With the retirement of Simon Caldecott becoming effective last Friday, Piper Aircraft announced yesterday its board of directors had appointed John Calcagno acting president and CEO, effective immediately. Calcagno most recently served as Piper’s chief financial officer where he oversaw all financial reporting, treasury and cash management, information technology and enterprise resource planning. Caldecott was president and CEO for 10 years and oversaw significant increases in production at Vero Beach, Florida-based Piper Aircraft.
A U.S. Air Force veteran, Calcagno began his corporate career with PricewaterhouseCoopers. He holds a bachelor’s degree in Accountancy from Southern Illinois University with a minor emphasis in Political Science and is a Certified Public Accountant. His career includes stints with The Acerra Consortium, Alltel (Supply) Communications Products, Coca-Cola and C.R. Bard, before joining Piper 11 years ago. His areas of expertise include finance, operations, distribution and sales.
“I know that I speak for everyone at Piper Aircraft,” Calcagno said, “in thanking Simon for his leadership and tireless dedication to the company. We have an exceptionally talented team at Piper Aircraft that is focused on taking decisive action to transform the business, continuing to innovate our products in new and diverse ways, and unlocking future growth opportunities.”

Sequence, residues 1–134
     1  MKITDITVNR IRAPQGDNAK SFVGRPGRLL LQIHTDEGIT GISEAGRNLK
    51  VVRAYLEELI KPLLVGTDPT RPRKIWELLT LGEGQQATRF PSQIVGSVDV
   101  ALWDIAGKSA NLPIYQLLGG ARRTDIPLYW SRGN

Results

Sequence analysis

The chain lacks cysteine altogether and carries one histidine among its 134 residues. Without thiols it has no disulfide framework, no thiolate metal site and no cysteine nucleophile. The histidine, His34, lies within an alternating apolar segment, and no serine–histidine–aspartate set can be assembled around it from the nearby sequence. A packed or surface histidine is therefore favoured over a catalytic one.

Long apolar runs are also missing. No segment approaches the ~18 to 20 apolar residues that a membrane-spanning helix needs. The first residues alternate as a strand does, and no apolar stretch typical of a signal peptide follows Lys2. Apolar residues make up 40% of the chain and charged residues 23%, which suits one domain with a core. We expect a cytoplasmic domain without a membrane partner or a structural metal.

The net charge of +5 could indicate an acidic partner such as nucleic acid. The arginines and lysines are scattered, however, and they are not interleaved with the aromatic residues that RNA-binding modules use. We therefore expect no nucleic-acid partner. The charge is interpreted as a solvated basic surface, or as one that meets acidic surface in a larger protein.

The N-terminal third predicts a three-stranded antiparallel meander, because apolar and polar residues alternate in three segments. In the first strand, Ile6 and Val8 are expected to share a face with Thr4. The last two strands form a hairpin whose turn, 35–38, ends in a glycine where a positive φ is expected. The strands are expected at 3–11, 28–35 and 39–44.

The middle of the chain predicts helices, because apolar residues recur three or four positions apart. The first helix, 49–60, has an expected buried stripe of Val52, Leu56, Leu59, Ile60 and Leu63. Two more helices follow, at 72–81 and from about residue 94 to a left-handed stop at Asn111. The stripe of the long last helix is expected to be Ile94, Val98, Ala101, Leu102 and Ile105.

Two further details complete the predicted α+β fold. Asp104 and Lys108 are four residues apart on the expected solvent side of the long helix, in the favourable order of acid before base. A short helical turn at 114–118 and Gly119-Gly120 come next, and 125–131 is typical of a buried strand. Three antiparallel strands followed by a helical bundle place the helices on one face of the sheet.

Has anyone told Piper management about all the PA-28s and PA-32s that are grounded by the latest spar inspection A.D. 2020-26-16?
Looking forward to Mr. Calcagno opinion on the legacy Piper aircraft and how they’re going to support them. Mr. Caldecott was silent.
They’ll “support” them by happily selling them new spars…eventually. We’re in line for a new one, and who knows how long it will be until we get the spar. Then it’s 5 weeks for the wing repair.
Is anybody doing voluntary eddy inspections on the spar carry-through assembly?
Beyond the bolt holes called out in the AD?
We do plan on doing voluntary ECIs on the other two club planes, and at least two other people I know will be doing the same on their aircraft. The aircraft we inspected was only done because the original logbooks were lost in a fire, but otherwise it would not have been required to be inspected.
Yes, in addition to the holes in the spar (part of the wing); the holes in the mating carry-through (part of the fuselage). Just curious.
Since the AD has the ECI done with the wings still attached, it does include the spar carry-through holes too.
Where were your failures?
Forward outboard bolt hole in the left spar, on the bottom of the spar. It definitely would not have been detectable without the ECI. My question is how long it was there, and how long it might have been there before failing.
Uh oh, another financial person in charge of an engineering company.
Ditto. And in consideration of the comments above on the AD, this doesn’t look good. “If we can’t make money on the AD, then we will focus our attention elsewhere. Owner satisfaction doesn’t appear anywhere in our financials.”
Quotation marks? Really?
When did they become an engineering company? Piper? At best they are an assembler and really poor one at that.